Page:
Four Galileo satellites will go up in orbit on November 17 by Ariane 5 rocket from the French Guiana air space.
November’s launch is a major step since with this launch, the total number of satellites in orbit will go up to 18. And this is when the Galileo will enter Initial Operational Capability phase. The IOC stage will be the partial commissioning of the ground and space infrastructure. Having 18 satellites in orbit should enable Galileo to begin services like Open Service, Search and Rescue Service and PRS. However, the final decision will be taken by the European Commission, the system’s owner.
Meanwhile, intense behind-the-scenes work is on to ensure the worldwide Galileo system, including its far-flung ground stations, is reliable, secure and robust for the start of operational services to users, Paul Verhoef, ESA’s Director of the Galileo Programme and Navigation-related Activities, had revealed after the launch of the previous two satellites in May.
Ariane 5 benefits
Ariane 5 will be used for the first time in November in Galileo launches to lift four satellites into orbit in one flight, further accelerating the deployment of the constellation. The 14 satellites already in orbit have been launched two at a time, by Soyuz rockets from French Guiana. Two more Galileo launches by Ariane 5 are due in the next two years, with the final constellation expected to reach its 24-satellite status by 2020.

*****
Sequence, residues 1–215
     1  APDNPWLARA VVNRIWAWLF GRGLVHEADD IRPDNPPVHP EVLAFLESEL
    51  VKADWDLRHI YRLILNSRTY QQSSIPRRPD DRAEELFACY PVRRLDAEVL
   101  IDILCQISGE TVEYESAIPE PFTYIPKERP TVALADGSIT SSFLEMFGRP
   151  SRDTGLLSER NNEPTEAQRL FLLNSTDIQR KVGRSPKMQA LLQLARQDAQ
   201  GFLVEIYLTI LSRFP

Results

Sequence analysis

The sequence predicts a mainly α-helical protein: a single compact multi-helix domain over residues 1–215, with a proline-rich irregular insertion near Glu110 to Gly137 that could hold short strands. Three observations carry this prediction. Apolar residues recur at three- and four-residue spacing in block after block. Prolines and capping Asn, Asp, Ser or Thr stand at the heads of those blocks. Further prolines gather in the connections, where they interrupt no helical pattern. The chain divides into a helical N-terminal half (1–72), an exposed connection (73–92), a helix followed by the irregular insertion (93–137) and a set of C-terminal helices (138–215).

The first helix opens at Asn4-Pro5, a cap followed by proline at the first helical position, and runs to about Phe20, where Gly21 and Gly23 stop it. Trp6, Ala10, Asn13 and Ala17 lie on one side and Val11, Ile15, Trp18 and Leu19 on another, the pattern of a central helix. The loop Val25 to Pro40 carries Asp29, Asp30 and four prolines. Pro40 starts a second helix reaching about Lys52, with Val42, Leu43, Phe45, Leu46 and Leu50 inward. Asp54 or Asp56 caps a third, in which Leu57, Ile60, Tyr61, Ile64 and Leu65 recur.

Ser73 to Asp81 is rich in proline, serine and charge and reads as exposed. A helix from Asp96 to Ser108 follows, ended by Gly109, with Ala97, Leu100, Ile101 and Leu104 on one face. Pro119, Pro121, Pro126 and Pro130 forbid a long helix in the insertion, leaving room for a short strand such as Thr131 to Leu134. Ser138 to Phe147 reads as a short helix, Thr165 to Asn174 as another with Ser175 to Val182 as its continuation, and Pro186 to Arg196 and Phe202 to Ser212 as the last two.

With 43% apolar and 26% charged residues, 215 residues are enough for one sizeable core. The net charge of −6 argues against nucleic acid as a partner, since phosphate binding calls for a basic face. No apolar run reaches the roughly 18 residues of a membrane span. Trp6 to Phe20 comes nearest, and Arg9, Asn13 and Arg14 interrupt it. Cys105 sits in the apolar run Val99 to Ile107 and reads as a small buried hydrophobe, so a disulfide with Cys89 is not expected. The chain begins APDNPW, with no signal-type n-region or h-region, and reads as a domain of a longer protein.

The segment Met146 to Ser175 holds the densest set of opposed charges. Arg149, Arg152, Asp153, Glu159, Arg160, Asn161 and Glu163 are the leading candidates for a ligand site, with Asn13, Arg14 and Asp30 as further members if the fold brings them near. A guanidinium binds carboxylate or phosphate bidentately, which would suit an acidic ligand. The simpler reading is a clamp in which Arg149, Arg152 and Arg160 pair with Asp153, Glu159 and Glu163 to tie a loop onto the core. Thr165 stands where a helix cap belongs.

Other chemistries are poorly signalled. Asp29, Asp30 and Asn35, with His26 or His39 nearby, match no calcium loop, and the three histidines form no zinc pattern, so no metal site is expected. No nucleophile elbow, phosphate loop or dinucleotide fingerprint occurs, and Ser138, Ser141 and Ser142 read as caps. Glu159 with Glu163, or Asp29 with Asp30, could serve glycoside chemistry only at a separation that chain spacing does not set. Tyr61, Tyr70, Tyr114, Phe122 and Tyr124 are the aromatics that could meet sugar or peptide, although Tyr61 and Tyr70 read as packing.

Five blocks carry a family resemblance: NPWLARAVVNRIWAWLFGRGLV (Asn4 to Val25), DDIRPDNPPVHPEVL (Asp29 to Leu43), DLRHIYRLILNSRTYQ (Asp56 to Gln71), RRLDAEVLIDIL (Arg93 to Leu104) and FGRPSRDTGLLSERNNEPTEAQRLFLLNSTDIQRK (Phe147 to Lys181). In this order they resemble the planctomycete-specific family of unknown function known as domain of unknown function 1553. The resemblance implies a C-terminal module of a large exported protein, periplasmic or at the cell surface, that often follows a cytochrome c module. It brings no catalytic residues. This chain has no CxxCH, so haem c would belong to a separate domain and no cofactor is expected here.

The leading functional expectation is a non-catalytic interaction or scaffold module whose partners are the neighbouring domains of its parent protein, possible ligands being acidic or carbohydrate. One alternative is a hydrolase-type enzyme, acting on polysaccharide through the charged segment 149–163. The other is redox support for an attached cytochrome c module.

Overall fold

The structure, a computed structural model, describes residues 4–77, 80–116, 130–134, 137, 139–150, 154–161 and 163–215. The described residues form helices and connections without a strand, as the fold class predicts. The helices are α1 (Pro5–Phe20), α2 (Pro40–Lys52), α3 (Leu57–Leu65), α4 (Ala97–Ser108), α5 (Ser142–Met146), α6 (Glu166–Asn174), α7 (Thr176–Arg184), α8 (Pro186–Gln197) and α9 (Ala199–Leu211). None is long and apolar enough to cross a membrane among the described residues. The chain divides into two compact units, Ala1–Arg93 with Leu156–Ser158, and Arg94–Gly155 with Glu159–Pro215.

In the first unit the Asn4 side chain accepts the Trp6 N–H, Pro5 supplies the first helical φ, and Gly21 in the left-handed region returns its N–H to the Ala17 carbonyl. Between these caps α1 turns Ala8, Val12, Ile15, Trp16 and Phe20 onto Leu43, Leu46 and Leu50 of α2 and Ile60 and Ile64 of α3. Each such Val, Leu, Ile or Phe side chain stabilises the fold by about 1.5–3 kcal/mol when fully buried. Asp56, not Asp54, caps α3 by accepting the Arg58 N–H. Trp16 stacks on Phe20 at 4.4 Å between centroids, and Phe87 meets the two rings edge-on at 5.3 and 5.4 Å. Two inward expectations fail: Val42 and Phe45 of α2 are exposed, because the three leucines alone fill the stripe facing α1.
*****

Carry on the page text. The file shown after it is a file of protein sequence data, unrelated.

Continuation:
The modified Ariane 5 that will carry the four Galileos into orbit have been in development since 2012. The new version, which has evolved from the Ariane 5 used to place ESA’s 20 tonne supply ferry for the International Space Station into low orbit, will carry a lighter payload — four fully fuelled 738 kg Galileo satellites plus their dispenser — but must take it up to the much higher altitude of 23 222 km.
GSA ready for takeover
The operations and provision of services of Galileo, which is expected to go full operational by 2002 once all its 24 satellites are in place, will be entrusted to the European GNSS Agency (GSA) from next year. GSA is already in charge of the European Geostationary Navigation Overlay Service (EGNOS) along with managing the security accreditation and general security provision for both programmes. But ESA is in charge of system design, acquisition and construction.
The new GSA facility called the European GNSS Service Centre was inaugurated this summer at Loyola de Palacio facility in Madrid. Currently it employs over 40 people but once the operations contract is awarded and initial services officially start, the number of headcount is expected to go up significantly.
The Galileo program is Europe’s initiative for a state-of-the-art global satellite navigation system, providing a highly accurate, guaranteed global positioning service under civilian control. While providing autonomous navigation and positioning services, the Galileo program will at the same time be interoperable with other GNSS systems such as GPS and GLONASS.